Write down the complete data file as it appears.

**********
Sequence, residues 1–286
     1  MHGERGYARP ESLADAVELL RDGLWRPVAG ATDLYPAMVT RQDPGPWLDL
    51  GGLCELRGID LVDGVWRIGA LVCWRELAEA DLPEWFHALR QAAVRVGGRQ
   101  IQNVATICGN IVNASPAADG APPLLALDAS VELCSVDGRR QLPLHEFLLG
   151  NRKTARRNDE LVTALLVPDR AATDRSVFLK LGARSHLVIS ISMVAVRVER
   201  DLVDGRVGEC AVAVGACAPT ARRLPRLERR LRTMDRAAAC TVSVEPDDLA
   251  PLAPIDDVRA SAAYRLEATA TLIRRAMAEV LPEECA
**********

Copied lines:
Sequence, residues 1–286
     1  MHGERGYARP ESLADAVELL RDGLWRPVAG ATDLYPAMVT RQDPGPWLDL
    51  GGLCELRGID LVDGVWRIGA LVCWRELAEA DLPEWFHALR QAAVRVGGRQ
   101  IQNVATICGN IVNASPAADG APPLLALDAS VELCSVDGRR QLPLHEFLLG
   151  NRKTARRNDE LVTALLVPDR AATDRSVFLK LGARSHLVIS ISMVAVRVER
   201  DLVDGRVGEC AVAVGACAPT ARRLPRLERR LRTMDRAAAC TVSVEPDDLA
   251  PLAPIDDVRA SAAYRLEATA TLIRRAMAEV LPEECA